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Is secretly photographing people OK?

Is secretly photographing people OK?

You take a ‘happy snap’ of your neighbour, or her child, over the fence without their knowing? Is this OK in Australia? Do we need a new law around privacy?

Is secretly photographing people OK?

By Bill Rowlings, CEO of Civil Liberties Australia

If you photographed your neighbours over the fence, or across the air gap from your flat to their flat, would you be guilty of an invasion of privacy in Australia?

If you then put those photos online, or in an exhibition – identifiable, and with the neighbour’s address also able to be identified – would that break Australian law?

Most Australians would say “yes” it would. Or, at least, yes it should. But the legal picture is murky because there is no clear precedent of an established artist using such photographic “technique” to shoot images for a public exhibition.

In general in Australia, you have a right to photograph people and things in public places. But the law is not at all clearly defined, and there are exceptions. Inside next door’s house would be one, most likely.

In New York, a court has ruled the artiste photographer has such a right…but the court has said clearly the politicians should write a new law to do something about it.

An artist who hid in his apartment’s shadows and deployed a telephoto lens to photograph his neighbours through their glass-walled apartment, Arne Svenson, is not liable for invading their privacy, at the New York state appellate court ruled in April 2015.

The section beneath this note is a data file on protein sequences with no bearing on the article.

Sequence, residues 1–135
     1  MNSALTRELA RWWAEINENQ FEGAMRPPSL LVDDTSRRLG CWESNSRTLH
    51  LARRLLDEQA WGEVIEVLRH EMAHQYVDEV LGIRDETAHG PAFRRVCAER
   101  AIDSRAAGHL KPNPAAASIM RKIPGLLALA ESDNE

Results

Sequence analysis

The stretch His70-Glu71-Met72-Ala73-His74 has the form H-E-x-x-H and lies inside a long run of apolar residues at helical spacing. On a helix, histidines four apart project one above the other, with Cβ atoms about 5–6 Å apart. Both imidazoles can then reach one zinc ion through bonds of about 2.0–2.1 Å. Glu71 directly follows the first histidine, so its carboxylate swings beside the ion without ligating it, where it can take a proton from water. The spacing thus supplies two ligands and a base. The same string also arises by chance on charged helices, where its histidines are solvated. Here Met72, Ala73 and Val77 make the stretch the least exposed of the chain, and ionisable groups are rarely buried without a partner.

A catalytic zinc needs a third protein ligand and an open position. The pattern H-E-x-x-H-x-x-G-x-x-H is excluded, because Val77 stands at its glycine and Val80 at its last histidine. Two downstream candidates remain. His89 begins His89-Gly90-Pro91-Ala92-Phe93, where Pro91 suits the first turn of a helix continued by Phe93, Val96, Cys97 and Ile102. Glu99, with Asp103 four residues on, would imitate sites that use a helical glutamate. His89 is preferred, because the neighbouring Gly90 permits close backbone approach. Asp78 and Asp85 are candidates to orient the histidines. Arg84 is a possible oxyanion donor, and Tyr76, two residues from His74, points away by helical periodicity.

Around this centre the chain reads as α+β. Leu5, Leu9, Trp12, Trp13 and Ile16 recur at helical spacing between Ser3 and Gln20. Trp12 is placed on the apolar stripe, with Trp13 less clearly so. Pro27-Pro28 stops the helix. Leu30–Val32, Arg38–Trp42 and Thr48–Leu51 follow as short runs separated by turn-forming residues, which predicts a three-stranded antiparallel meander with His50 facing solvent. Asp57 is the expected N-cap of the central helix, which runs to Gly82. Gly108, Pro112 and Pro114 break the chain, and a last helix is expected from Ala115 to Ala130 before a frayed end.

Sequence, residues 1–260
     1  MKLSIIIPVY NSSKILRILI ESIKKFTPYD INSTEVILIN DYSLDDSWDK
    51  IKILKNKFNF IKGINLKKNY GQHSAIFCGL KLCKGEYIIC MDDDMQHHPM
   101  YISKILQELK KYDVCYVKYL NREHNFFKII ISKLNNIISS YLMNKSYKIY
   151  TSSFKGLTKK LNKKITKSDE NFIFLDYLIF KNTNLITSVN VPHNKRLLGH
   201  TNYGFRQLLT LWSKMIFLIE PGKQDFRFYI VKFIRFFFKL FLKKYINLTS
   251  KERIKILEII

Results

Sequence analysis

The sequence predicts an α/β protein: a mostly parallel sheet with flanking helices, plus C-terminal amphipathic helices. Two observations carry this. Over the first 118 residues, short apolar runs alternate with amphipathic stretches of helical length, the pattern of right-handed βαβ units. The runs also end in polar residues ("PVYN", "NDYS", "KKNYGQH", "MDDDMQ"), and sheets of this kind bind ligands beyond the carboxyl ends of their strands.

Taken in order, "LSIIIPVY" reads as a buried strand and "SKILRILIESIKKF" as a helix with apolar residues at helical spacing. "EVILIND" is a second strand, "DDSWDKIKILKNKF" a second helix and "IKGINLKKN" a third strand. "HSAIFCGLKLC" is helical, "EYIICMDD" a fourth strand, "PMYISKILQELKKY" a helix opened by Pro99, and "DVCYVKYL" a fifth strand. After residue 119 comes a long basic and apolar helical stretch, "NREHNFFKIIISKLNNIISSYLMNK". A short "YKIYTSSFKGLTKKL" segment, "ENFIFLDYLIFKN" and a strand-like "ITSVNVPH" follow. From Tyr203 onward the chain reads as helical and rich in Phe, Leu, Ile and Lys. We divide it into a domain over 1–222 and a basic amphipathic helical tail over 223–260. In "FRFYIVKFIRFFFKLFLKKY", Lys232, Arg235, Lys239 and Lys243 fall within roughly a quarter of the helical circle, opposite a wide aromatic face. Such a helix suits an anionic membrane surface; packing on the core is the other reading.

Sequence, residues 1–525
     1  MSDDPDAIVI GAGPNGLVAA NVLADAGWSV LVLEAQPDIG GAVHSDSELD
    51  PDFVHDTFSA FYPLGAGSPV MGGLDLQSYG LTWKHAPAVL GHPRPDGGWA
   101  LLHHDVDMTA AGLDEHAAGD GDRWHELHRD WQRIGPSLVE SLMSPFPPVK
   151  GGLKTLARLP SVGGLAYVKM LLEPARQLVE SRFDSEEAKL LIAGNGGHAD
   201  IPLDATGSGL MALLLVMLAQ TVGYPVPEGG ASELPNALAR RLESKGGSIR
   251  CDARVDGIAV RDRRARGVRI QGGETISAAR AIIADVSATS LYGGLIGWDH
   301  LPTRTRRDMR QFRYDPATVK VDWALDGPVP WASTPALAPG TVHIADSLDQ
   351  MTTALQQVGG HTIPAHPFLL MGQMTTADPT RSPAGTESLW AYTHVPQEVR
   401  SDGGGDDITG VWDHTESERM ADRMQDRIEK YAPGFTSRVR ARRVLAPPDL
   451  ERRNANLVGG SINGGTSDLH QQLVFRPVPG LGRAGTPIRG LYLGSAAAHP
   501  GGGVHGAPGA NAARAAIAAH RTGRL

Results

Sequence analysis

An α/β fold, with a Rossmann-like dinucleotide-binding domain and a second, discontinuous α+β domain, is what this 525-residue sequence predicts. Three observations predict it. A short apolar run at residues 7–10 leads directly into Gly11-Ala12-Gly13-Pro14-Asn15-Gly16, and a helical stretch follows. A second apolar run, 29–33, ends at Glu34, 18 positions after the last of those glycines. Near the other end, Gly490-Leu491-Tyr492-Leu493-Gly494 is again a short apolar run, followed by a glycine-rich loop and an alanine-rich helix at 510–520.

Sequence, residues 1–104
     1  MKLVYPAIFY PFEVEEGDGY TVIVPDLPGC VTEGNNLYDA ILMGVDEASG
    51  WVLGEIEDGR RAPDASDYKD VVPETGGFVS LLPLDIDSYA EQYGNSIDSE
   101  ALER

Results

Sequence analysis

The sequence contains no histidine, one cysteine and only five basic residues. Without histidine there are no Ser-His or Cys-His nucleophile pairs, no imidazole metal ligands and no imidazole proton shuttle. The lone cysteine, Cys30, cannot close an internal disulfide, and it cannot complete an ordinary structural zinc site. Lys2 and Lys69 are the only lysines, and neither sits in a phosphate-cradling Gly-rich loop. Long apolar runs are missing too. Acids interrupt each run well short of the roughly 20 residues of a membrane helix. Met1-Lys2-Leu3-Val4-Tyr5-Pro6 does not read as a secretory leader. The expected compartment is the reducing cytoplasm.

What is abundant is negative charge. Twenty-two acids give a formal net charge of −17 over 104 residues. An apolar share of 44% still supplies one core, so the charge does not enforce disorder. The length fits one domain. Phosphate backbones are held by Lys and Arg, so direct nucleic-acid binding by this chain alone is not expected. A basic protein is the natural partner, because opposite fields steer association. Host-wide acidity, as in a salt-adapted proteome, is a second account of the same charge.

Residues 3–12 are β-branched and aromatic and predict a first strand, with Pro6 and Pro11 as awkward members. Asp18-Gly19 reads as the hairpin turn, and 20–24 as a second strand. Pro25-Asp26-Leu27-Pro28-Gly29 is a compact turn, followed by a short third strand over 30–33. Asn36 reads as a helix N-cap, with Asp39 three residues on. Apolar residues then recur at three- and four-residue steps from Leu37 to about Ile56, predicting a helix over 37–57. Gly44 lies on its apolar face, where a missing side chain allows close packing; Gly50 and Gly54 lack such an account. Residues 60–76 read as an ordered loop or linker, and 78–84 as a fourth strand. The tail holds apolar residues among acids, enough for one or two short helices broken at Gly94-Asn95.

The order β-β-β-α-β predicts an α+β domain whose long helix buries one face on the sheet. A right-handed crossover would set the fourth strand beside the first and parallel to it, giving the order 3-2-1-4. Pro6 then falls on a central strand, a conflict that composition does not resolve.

The appeals court called it a “technological home invasion” but said the defendant used the pictures for art’s sake. Because of that, the First Department of the New York Appellate Division ruled last month in favour of artist Svenson, who snapped the pics from his lower Manhattan residence as part of an art exhibit called “The Neighbors.”

A dog stands at the window of an apartment, looking outwards. Photograph by Arne Svenson (courtesy of Julie Saul Gallery). The dog is not named.
A dog stands at the window of an apartment, looking outwards. Photograph by Arne Svenson (courtesy of Julie Saul Gallery). The dog is not named.

Some pictures, the court said, showed children’s “identifiable” faces: one of a boy in a diaper, another of a daughter in a swimsuit, and another of a mother holding that daughter.

The court said in its ruling:

“To be sure, by our holding here—finding no viable cause of action for violation of the statutory right to privacy under these facts—we do not, in any way, mean to give short shrift to plaintiffs’ concerns.

“Undoubtedly, like plaintiffs, many people would be rightfully offended by the intrusive manner in which the photographs were taken in this case. However, such complaints are best addressed to the Legislature – the body empowered to remedy such inequities

“Needless to say, as illustrated by the troubling facts here, in these times of heightened threats to privacy posed by new and ever more invasive technologies, we call upon the Legislature to revisit this important issue, as we are constrained to apply the law as it exists,” the court said.

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